Undergraduate Annual Open Exhibit showcases "revolutionary" student artwork
A book hardened with candy, a TV set surrounded by garbage bags and a giant balance. Though seemingly unrelated, all are pieces displayed in Mason Gross's Undergraduate Annual Open Exhibition.
Walking across campus everyday, students are reminded by little red and white flags that Rutgers is celebrating "250 years of being revolutionary." And the Mason Gross School of Arts is reiterating the theme of "revolution" with an exhibit entitled "Revolution."
The show, running from Oct. 20 to Nov. 11, features work that follows the theme of "revolution" in some way, shape or form.
At the show's reception on Oct. 22, Nicolas Pereda, director of the new Digital Film program, selected six students to award with cash prizes for their outstanding pieces. Some of the winners included Allison Scalera, Delfina Picchio, Deborah Thompson and Ann Pollack.
And students proved they could think "outside of the box."
Allison Scalera, a Mason Gross School of the Arts senior, won the Visual Arts Award for her piece entitled "The Energy of Movement."
Scalera, who herself is a dancer and choreographer for the Rutgers Preforming Dance Company, set out to describe the invisible energy that dancers emit through a video-animation reel projected onto the exhibit's white walls.
The video was created with Adobe Photoshop using a series of animations compiled in a gif. Scalera videotaped herself dancing and used that as a reference for the basic outline. From there, she drew the lines of energy flying off the body.
"Energy is invisible," she said. "As you can see, the dancers not only move, but there are these lines that fly off their bodies, which represents that invisible energy in the air."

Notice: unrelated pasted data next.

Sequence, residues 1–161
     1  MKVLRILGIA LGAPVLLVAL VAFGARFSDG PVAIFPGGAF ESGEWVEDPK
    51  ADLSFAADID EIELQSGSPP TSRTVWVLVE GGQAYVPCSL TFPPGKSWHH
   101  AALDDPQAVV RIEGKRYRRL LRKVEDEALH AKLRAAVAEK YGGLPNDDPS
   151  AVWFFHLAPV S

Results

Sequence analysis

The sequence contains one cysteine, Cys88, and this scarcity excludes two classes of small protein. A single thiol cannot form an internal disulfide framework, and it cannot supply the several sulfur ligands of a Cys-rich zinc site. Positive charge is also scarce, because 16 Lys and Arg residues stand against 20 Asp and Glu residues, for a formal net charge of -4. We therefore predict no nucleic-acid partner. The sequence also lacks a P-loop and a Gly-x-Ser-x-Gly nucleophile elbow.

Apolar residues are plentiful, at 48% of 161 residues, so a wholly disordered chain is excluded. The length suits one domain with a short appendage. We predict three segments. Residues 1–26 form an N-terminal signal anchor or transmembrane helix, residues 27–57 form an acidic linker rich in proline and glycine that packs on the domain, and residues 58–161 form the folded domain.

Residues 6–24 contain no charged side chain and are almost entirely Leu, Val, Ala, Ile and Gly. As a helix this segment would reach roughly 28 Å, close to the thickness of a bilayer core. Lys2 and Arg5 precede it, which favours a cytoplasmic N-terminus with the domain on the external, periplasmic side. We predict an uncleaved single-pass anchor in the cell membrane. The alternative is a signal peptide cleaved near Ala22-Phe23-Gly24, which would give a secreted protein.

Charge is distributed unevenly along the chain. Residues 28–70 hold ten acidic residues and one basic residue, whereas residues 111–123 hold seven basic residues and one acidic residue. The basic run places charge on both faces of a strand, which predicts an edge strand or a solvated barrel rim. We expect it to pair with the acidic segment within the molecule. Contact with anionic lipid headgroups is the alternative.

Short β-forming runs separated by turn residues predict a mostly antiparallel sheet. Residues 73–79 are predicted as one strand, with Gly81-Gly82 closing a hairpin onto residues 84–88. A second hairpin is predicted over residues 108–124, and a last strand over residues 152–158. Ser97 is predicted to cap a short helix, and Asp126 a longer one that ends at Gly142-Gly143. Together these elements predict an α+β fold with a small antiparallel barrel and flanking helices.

Two small flip books accompanied the video, which Scalera said allowed the viewer to have a more physical interaction of the movement. The viewer could then control the speed of the movement and have a closer look at each illustration.
As a contemporary, modern and jazz dancer, Scalera said it was rewarding for her passion for art and movement collide during the project. The piece revolutionizes the way the audiences views movement and dance.
"We usually view movement by just seeing the body," she said. "We don't see the energy. In my opinion, that energy is mostly felt by the dancers on stage ... To put it on a screen for everyone to view sends a revolutionary message. "
Scalera was one among many students delivering a revolutionary message with her art.
In a quiet back room, Tunde Adeyina, a Mason Gross School of Arts first-year student, showcased his work titled "I Am More."
The piece featured a women sitting at her desk in a dark room. On one side of the room was an array of cleaning supplies, dishes and groceries, which was meant to represent the standards that society holds women by. In contrast, the woman sits at a desk studying.
"This is supposed to depict women rising up and the end of sexual harassment," he said.
The woman in the piece is Adeyina's friend who works on the Sexual Assault Response Team at Rutgers. Adeyina and his friend, Jamie, spent two weeks planning the concept, and a day capturing the actual photo.
All of this was shown on a computer screen, which Adeyina said was purposeful.
"In this generation, we view women in a hypersexualized way on the Internet. Most of the time, there is sexual harassment happening. This was to depict that," he said.
Underneath the screen, there was a keyboard. The women's diary was propped atop the keyboard with a poem written inside about her own worth.
"I am more than 'Netflix and Chill.' More than 'Just one time.' More than 'My side piece,'" read the poem, followed by the declaration, "I am a Queen, not a victim." The photo and journal together exemplified the theme of revolution in a powerful, thought-provoking way.
"It's very easy to respond to (the theme) in a way that is predictable," said Gerry Beegan, chair of the Visual Arts Department. "(Nicolas Pereda) was looking for students that thought outside of the box."
A few pieces particularly stood out to Beegan, such as a photograph of a mirror looking up at the sky, titled "Mirror Interacts With Earth, and Vice Versa." Beegan was also impressed by a photograph of a woman, slightly smiling, with black blood dripping from her lips, entitled "Black Matter."
"What is interesting about the show is you have very heartfelt, dramatic pieces, then you've got a photo of a cup of tea right next to it," he said.